Starting Horses on Cow Work
Down The Fence with Richard Winters
This last month started a brand new chapter in Rocky, our two year old Quarter Horse stallion’s life. by Richard Winters Horsemanship
We’ve spent the last thirty days introducing this colt to cow working. There are a few things that are
important for my colts to understand before we ever step into the cow pen. What I need most of all is
body control. Working a cow is all about position. I’ve spent these last few months developing
maneuverability in Rocky’s head and neck, shoulders, rib cage, and hind quarters. With this ability I can
show Rocky how to relate to the cows movements using proper body posture and movement. If you
can move their body and keep them soft in the face it makes this “extra-curricular” activity much easier.
For the first two or three days of cow work we
simply played “follow the leader.” With one cow in the pen I trotted up behind it and tracked it wherever it went. Every horse is different. Some react to the
cow in a bold manner while others are timid or scared. Rocky was a little frightened at first. That’s when tracking cattle can be beneficial. Your colt will get
braver and bolder as he realizes that the cow constantly moves away.
We’re also trying to generate some interest and
curiosity in our colts mind in regard to cattle. This is when you look for signs of that natural cow sense
that Quarter Horses are bred for. It doesn’t take long before you feel the cow begin to pull your colt along and he’ll begin to show some expression and interest on a cow.
As Rocky got braver he started to get a little aggressive. Lunging at the cow or biting at the cow is not
something I want to encourage or even allow. Point penalties are assessed in competition if a horse strikes at or bites a cow. If this happens in the practice pen
I’ll stop, back up, and then start again. They need to understand that this kind of behavior is not part of cow working. As you play this game, direct your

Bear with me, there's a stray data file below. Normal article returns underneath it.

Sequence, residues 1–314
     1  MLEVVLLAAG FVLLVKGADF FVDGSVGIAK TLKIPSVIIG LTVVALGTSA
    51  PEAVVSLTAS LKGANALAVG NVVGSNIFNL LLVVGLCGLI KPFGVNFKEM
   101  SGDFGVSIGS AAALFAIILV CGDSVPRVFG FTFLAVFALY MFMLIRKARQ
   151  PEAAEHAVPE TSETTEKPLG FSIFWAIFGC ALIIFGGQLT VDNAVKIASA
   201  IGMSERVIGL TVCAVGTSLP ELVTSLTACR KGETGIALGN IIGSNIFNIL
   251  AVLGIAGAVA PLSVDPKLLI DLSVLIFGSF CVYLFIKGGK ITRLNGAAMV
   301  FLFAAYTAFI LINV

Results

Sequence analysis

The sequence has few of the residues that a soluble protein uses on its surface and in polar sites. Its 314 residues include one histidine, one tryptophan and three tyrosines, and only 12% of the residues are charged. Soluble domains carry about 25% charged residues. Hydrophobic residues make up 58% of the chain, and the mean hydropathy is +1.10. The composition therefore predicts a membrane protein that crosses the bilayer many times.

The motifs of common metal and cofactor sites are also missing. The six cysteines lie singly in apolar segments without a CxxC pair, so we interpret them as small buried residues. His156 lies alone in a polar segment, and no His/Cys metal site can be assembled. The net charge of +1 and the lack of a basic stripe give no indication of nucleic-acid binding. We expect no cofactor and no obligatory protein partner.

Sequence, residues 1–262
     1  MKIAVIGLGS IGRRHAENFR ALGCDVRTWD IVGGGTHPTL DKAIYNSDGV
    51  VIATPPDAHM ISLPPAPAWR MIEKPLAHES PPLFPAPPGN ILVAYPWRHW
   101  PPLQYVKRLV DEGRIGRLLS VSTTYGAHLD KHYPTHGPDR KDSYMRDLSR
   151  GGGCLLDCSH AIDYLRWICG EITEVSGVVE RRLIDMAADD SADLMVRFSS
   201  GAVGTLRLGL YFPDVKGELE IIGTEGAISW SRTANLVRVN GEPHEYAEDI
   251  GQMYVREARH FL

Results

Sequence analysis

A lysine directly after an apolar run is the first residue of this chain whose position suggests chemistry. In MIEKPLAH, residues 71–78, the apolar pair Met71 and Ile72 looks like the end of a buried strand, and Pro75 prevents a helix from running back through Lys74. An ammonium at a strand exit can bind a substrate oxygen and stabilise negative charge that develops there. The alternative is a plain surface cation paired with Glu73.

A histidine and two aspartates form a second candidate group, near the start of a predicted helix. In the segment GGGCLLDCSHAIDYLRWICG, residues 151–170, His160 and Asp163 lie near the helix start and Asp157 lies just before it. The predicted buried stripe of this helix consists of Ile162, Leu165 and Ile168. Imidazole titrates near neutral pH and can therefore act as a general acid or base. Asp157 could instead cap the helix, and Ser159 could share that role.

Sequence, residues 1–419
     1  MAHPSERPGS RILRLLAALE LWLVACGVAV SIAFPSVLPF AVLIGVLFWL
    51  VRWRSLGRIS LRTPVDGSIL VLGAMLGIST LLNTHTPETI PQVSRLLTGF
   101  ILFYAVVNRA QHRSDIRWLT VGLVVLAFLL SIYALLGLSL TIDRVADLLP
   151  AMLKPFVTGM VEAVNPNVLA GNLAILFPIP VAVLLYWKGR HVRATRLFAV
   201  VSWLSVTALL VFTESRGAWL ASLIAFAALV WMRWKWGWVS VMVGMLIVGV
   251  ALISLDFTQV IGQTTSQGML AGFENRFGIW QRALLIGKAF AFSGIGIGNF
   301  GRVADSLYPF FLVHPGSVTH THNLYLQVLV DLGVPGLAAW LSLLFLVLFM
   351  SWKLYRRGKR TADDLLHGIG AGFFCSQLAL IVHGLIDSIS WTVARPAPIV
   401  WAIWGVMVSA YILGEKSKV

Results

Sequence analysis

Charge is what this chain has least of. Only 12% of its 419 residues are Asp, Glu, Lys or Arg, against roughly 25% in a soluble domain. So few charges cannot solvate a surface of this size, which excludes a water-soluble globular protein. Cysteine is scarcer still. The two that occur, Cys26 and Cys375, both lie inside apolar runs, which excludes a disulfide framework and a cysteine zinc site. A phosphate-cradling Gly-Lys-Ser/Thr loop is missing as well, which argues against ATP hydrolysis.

horse as much as necessary but try to do as little as possible to keep your colt following. Two much reining won’t allow your colt to “hook up” to the
cows. I will also try to follow the exact same flight path as the cow. In other words, not cutting corners.
The next step in this progression is to drift out along
-side the cow until you are parallel with it and then stop when the cow stops. I’ve just penned the most important sentence in this entire article. Stop When
The Cow Stops. This is the paramount concept my colt needs to understand. Sure, he’ll need to learn about turning and going with the cow, but first and
foremost he needs to stop every time the cow stops, turns, or moves directly away. Your colt will never learn to turn with a cow correctly if he doesn’t first get stopped.
At this stage of the game, quiet slow cattle are best. Fast, hard running cattle will not allow my colt to
learn or gain confidence. They’ll simply get him worried and scared and he’ll dread these cattle working sessions.
As you begin to mirror the cows’ movements and stay parallel to the cow, the type of pen you’re in can
make a big difference. A square or round pen between 100 and 150 feet across is ideal for starting
young horses on cattle. By keeping the cow between you and the fence, your colt only has to travel half
the distance to stay parallel to the cow. At this stage I don’t try to “hold” the cow on one fence line. As
the cow drifts around the pen I can use my rein and leg closest to the cow to fade away and still stay
even with the cow no matter where it goes. This technique helps a young horse build confidence in working cattle because you can take the pressure off the cow yet never lose your working advantage.
During this time I’m beginning to teach Rocky how to stop, back, and then turn with the cow. By backing
before the turn I “load up” his hind end and help him prepare to roll over his hocks when he turns. This is when the foundation of body control really begins to
pay off. Even if the cow quickly turns and goes the other way, there is no rush for me to turn if it means it would be an improper turn. Since I’m in the middle of
the pen it’s always easy for me to catch up. After I’ve helped my colt make the proper turn, I can then get parallel to the cow again.
These first few weeks of cattle work are all about confidence building, proper body position and generating interest in Rocky’s mind toward cows.
Rocky will now work cattle on a regular basis. All the while we’ll be working on his reining as well. The
best thing about cow work is that it gives a practical application to all the reining training that we do. Our
horses will appreciate it and have better attitudes when they have a practical job for all the principles they’ve been learning.
Richard along with his wife Cheryl and their children Joseph and Sarah operate their horsemanship
center from the historic and prestigious Thacher School in Ojai, California. Richard’s horsemanship show can be seen 4 times weekly on DishNetwork’s University House Channel 9411.
Contact: Richard Winters
5025 Thacher Road
Ojai, California 93023
Phone: 805 - 640-0956
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